US voters were not intimidated, democracy was a winner

North Carolina election results for the 2020 U.S. presidential election displayed on a  monitor in the Times Square neighborhood of New York, U.S., on Tuesday, Nov. 3, 2020. President Donald Trump has once again defied polls and predictions, with a strong showing across the Sun Belt in early results appearing to significantly shrink Democratic nominee Joe Biden's path to victory. Photographer: Jeenah Moon/Bloomberg

As polling stations across the US shutter, it has become clear that all those weeks of warnings about gun-toting, neo-Nazi militiamen loitering in the streets and intimidating voters did not materialise.

Sure, there were isolated incidents. In Philadelphia, a man raised concerns when he tried to enter a ballot station claiming to be a “poll watcher” for US President Donald Trump. In Texas, pro-Trump car drivers swarmed around a Democratic campaign bus. But overall, the threats by extremist groups to converge on polling stations amounted to little.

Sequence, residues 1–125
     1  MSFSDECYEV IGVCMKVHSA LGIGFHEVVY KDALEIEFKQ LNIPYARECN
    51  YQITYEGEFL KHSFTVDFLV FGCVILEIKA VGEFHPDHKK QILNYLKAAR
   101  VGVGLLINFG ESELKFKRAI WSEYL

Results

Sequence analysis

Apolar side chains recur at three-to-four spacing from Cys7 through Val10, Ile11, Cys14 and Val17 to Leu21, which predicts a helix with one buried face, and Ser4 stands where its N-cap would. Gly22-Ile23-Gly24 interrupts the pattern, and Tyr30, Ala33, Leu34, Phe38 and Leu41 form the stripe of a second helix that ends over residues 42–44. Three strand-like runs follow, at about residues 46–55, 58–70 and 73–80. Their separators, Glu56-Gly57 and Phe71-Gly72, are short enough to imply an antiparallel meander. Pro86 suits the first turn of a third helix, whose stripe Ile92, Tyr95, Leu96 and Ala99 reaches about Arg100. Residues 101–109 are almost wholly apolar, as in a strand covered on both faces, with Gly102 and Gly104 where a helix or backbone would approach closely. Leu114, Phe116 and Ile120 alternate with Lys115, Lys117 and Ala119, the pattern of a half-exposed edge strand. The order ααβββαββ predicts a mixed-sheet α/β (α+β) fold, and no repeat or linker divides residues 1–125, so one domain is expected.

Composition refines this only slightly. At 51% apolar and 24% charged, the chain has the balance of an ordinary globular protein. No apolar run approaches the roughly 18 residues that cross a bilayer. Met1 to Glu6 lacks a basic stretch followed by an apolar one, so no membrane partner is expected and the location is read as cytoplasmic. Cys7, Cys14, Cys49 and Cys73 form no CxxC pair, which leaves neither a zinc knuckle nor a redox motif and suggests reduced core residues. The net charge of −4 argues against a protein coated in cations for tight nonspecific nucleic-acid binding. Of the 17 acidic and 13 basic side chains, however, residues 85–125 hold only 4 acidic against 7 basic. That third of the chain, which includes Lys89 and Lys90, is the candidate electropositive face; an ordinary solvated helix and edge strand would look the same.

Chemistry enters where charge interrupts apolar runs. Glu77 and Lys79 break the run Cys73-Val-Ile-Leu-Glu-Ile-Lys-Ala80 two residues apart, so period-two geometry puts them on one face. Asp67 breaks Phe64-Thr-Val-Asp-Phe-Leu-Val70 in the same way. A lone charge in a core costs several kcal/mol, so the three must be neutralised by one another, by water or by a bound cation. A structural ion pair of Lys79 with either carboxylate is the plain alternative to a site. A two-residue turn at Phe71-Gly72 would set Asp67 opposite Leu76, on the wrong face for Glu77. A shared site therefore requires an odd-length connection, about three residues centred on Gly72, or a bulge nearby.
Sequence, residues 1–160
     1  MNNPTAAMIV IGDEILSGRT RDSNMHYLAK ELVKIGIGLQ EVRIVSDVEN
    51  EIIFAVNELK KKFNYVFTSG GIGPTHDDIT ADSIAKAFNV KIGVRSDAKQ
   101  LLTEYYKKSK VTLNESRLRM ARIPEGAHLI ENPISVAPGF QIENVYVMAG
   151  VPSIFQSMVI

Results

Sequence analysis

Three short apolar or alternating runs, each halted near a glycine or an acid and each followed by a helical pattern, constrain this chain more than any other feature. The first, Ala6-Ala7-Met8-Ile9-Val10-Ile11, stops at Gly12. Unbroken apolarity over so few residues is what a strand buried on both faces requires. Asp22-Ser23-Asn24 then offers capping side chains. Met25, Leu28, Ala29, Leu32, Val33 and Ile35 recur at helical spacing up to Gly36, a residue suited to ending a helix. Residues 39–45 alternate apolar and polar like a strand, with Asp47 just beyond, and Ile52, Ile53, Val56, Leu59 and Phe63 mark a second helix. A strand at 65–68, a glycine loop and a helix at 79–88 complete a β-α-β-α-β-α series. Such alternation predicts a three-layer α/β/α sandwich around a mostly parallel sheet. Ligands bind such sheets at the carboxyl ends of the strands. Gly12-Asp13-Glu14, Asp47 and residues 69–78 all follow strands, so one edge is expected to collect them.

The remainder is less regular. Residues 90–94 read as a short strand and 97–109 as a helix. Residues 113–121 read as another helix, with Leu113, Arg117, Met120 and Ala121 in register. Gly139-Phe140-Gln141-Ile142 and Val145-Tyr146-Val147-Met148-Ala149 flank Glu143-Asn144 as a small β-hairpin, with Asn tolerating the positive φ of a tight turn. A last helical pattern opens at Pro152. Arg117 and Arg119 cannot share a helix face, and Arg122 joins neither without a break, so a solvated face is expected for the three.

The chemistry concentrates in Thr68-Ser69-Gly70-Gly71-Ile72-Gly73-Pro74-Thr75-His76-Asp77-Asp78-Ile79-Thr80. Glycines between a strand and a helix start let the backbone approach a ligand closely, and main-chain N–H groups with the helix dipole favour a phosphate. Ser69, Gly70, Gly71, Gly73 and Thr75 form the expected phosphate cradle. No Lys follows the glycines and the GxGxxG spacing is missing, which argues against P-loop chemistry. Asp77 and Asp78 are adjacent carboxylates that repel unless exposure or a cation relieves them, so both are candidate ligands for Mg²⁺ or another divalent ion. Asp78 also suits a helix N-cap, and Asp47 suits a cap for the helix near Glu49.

Instead, the 2020 election was a story of Americans turning out in record numbers to cast ballots in a passionate and fractious contest.

Ahead of Tuesday, many commentators were talking up the prospect of the Proud Boys, the Boogaloo Bois and others milling outside polling stations. But it was wise to be cautious, as even raising the alarm could have served to depress turnout.

We do not yet know if Mr Trump, a Republican, or his Democratic challenger Joe Biden, has prevailed. But a few things are clear: turnout was massive, Americans were not scared to vote, democracy was a winner.

James Reinl is The National's UN correspondent in New York

James Reinl

James Reinl

James is The National’s UN correspondent in New York, where he writes about diplomacy, aid work, peacekeeping and geopolitics. Previously, he has worked for the BBC, Al Jazeera English, Foreign Policy and others, with assignments across North America, the Middle East, Africa, Asia, and his native Britain.